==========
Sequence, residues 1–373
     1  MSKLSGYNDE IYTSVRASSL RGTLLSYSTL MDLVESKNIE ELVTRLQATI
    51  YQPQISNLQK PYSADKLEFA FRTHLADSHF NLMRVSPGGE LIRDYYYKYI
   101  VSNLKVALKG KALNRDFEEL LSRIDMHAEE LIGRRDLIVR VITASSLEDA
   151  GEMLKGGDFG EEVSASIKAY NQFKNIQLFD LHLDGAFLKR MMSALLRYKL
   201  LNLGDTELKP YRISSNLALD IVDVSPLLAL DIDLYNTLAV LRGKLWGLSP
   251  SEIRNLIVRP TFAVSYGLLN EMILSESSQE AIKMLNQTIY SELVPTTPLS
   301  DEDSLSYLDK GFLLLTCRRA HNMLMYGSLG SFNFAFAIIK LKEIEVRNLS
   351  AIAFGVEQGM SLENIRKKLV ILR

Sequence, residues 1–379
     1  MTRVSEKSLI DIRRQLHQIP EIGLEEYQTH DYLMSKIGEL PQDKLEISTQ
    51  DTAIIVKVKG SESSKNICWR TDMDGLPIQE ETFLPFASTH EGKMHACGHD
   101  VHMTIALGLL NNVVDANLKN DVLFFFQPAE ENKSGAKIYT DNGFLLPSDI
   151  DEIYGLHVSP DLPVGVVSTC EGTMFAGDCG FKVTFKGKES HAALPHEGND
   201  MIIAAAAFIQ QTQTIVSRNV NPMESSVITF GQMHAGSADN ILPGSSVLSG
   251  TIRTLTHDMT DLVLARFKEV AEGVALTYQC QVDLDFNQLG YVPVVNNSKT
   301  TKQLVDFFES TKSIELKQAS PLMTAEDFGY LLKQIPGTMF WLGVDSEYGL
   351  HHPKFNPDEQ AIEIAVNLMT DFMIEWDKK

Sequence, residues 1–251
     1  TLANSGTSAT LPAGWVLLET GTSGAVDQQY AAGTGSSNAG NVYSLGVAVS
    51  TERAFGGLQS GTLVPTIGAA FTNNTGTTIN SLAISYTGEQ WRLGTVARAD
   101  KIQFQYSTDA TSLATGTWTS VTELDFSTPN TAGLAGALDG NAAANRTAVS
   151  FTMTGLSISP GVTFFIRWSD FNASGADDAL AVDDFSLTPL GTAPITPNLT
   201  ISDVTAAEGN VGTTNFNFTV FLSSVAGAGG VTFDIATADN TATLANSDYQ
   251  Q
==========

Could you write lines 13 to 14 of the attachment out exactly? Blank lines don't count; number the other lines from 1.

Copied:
   101  VHMTIALGLL NNVVDANLKN DVLFFFQPAE ENKSGAKIYT DNGFLLPSDI
   151  DEIYGLHVSP DLPVGVVSTC EGTMFAGDCG FKVTFKGKES HAALPHEGND